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    Thread: Mid-Century Modern Appreciation Thread

    1. Member barry2952's Avatar
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      12-15-2011 05:40 PM #226
      You really have to see the stuff in person. We have a Modernism show in Michigan in April.

      http://search.antiqnet.com/m&m/

      Dealers come in from all over the country to show their wares. They typically bring their best stuff so it's a little pricey, but deals are made on the last day of the show.

      My wife has always wanted a rocking chair, but I didn't like the traditional styling. It didn't take long for me to like this. I never would have seen this in local shops.

      Garmin Is My Pilot.

      I am confident you are wrong, but instead of illustrating why, I will just make disparaging remarks about your reading comprehension.
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    2. 12-16-2011 12:45 PM #227
      That is one groovy rocking chair Barry.

      Anyhow for those who are interested, the next time you are in LA and want to do some mcm sight seeing of case study houses, well those you can get to. Here you go with some interesting info:

      Here's the McCoy material:

      CHRONOLOGY
      In several instances (marked by asterisks) the same number was assigned twice: #16, #17 and #18 by Rodney A. Walker, completed in 1947 and 1948, were reassigned to Craig Ellwood, whose CSH #16, #17 and #18 were completed in 1952, 1955 and 1957.

      Richard Neutra's CSH #20, completed in 1948, reappeared in the 1958 CSH #20 by Buff, Straub and Hensman. CSH #21, a 1947 unexecuted Neutra project, turned up again as Pierre Koenig's CSH #21, completed in 1958.

      J.R. Davidson's CSH #1 and #11 were transposed when #1 was abandoned and #11 was the first CSH to be completed, furnished, landscaped and opened to the public. This was an event A & A considered important enough to merit #1.

      Too many houses were delayed or projects abandoned for houses to be opened to the public in chronological order -- which would have been an editorial convenience -- so in 1950 the houses were assigned a year rather than a number; this accounts for Raphael Soriano's 1950 house having no CSH number. But continuing delays made this policy impossible to maintain.

      The success of the program and the delays in construction in the early phase were responsible for certain houses being pulled into the program after construction was almost completed, simply to keep worthy examples of design before the public.

      It was modest of the editor not to have foreseen that 32 years after the program started the interest in it would still be lively-lost, traded and stolen numbers notwithstanding.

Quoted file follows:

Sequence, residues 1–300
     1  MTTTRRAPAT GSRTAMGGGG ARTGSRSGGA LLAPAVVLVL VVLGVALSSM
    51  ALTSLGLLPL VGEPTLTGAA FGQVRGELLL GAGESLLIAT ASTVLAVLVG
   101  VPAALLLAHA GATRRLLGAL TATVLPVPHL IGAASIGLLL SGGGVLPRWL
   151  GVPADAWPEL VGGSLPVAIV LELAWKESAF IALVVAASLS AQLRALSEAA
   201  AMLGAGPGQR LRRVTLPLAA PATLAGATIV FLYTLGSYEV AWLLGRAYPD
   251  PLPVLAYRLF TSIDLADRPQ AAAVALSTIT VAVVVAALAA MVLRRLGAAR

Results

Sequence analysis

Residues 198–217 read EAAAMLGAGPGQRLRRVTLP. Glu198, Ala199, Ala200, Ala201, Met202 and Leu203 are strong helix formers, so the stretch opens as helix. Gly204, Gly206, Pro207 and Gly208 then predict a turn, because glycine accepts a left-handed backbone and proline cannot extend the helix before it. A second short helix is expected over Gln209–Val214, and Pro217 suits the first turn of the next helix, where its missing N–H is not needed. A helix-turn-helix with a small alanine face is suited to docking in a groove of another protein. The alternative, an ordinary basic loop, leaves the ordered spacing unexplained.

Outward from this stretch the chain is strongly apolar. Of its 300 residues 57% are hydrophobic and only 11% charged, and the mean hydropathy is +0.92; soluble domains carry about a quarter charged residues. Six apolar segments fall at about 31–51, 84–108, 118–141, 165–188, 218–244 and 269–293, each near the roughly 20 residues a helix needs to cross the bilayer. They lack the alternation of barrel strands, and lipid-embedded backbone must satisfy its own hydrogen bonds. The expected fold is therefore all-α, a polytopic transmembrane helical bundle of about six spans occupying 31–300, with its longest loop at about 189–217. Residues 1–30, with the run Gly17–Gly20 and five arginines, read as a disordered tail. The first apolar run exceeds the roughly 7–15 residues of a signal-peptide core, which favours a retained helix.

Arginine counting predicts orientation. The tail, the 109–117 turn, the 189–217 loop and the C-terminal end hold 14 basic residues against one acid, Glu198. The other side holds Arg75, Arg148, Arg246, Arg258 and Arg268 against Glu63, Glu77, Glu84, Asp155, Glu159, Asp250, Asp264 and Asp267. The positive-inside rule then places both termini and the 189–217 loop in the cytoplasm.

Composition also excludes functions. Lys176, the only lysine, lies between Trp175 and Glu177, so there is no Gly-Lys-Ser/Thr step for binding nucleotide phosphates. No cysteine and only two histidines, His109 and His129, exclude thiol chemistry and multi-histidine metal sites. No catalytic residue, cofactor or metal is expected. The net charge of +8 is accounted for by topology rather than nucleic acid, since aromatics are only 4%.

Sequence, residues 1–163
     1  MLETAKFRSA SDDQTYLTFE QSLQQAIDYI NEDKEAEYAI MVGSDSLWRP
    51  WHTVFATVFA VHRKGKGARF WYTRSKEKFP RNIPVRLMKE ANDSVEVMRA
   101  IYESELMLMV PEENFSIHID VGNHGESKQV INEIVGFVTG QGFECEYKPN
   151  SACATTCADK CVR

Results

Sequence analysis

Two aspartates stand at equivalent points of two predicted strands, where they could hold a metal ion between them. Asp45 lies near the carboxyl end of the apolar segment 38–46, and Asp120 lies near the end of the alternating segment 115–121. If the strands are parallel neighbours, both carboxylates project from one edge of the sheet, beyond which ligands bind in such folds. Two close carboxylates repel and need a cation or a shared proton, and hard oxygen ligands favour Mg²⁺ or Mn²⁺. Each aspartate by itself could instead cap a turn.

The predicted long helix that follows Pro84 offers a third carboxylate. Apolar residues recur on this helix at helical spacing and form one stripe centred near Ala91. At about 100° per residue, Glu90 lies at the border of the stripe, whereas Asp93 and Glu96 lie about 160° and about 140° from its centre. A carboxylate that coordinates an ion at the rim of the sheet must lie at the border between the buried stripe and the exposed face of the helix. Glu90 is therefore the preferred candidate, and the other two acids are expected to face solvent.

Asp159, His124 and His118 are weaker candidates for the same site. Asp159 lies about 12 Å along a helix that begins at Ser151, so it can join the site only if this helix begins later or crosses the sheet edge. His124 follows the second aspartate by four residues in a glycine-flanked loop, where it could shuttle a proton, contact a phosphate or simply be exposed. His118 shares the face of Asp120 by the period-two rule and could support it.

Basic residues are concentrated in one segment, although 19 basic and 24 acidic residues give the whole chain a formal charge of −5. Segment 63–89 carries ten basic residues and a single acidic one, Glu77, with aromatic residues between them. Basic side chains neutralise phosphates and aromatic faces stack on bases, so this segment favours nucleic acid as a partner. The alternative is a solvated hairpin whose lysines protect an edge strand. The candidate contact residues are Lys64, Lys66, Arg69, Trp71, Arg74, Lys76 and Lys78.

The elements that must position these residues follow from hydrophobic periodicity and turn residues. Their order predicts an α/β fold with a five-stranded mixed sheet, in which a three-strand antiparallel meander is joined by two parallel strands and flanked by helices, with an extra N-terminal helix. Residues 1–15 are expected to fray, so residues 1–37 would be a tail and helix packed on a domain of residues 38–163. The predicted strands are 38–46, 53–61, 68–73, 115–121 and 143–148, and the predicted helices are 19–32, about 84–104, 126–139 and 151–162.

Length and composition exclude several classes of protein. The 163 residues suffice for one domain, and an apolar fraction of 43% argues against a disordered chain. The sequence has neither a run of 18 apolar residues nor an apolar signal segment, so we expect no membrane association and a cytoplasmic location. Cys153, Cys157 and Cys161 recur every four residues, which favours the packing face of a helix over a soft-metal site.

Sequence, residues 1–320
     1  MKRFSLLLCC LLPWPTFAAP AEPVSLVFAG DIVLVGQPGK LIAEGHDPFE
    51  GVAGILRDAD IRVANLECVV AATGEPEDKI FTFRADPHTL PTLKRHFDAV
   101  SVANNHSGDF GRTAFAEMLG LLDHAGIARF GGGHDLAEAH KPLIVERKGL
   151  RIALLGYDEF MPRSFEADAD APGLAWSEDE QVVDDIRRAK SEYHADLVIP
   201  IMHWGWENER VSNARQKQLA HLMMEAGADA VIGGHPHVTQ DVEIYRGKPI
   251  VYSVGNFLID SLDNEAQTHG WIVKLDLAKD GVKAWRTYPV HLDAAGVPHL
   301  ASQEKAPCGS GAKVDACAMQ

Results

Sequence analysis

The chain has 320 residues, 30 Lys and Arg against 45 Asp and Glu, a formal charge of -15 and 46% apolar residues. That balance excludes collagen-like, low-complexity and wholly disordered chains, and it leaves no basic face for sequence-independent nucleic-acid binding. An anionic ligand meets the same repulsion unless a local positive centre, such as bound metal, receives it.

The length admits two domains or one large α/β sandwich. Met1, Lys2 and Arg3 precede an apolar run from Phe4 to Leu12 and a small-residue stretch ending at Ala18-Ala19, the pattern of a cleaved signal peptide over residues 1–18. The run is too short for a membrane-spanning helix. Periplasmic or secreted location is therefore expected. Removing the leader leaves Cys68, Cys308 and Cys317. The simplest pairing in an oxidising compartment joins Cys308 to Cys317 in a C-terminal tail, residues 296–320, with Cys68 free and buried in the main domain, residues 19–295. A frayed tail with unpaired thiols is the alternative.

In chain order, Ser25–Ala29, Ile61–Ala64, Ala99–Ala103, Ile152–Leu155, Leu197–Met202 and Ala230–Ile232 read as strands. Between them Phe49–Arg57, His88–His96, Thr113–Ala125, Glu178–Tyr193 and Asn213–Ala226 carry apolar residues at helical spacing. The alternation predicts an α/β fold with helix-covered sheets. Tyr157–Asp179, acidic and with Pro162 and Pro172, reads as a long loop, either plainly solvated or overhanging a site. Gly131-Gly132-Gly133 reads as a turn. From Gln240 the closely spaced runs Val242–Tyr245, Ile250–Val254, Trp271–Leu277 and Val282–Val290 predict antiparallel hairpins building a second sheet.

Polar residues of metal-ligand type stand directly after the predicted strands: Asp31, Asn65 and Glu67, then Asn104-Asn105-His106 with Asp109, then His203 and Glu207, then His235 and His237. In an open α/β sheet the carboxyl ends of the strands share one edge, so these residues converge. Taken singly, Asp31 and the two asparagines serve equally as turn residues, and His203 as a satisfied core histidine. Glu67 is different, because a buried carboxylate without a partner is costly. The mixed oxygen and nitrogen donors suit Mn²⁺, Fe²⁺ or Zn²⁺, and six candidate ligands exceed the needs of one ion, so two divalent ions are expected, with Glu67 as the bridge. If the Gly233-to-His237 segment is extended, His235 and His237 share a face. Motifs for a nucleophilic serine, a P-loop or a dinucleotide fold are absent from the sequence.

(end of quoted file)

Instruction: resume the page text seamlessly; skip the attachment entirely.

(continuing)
Completed Case Studies:
      1946 #1 (#11*) J.R. Davidson, 540 S. Barrington Ave., Los Angeles
      1947 #2 Spaulding and Rex, 846 Chapea Rd., Pasadena
      1947 #10 Nomland and Nomland, 711 San Raphael Ave., Pasadena
      1947 #15 J.R. Davidson, 4755 Lasheart Dr., La Canada
      1947 #16* Rodney A. Walker, 9945 Beverly Grove Dr., Beverly Hills
      1947 #17* Rodney A. Walker, 7861 Woodrow Wilson Dr., Los Angeles
      1948 #18* Rodney A. Walker, 199 Chautauqua Blvd., Pacific Palisades
      1948 #7 Thornton M. Abell, 634 N. Deerfield Ave., San Gabriel 1948 #20* Richard Neutra, 219 Chautauqua Blvd., Pacific Palisades
      1949 #3 Wurster and Bernardi, 13187 Chalon Rd., Los Angeles 1949 #8 Charles Eames, 203 Chautauqua Blvd. , Pacific Palisades
      1949 #9 Eames and Saarinen, 201 Chautauqua Blvd., Pacific Palisades
      1950 1950 CSH Raphael Soriano, 1080 Ravoli Dr., Pacific Palisades
      1952 #16* Craig Ellwood, 1811 Bel Air Rd., Los Angeles
      1955 #17* Craig Ellwood, 9554 Hidden Valley Rd., Beverly Hills
      1957 #18* Craig Ellwood, 1129 Miradero Rd., Beverly Hills 1958 #20* Buff, Straub and Hensman, 2275 Santa Rosa Ave., Altadena
      1958 #21 * Pierre Koenig, 9036 Wonderland Pk. Ave., Los Angeles
      1959 #22 Pierre Koenig, 1635 Woods Dr., Los Angeles
      1960 #23 Triad: Killingsworth, Brady and Smith, Rue de Ann, La Jolla
      1963 #25 Killingsworth, Brady and Smith, 82 Rivo Alto Canal, Long Beach (Naples)
      1963 #26 David Thorne, San Rafael

      Unexecuted:
      1945 #4 Ralph Rapson
      1945 #5 Whitney R. Smith
      1945 #6 Richard Neutra
      1945 #11 (#1)* J.R. Davidson
      1946 #12 Whitney R. Smith
      1946 #13 Richard Neutra
      1947 #21 * Richard Neutra
      1956 #19 Don Knorr
      1961 #24 Jones and Emmons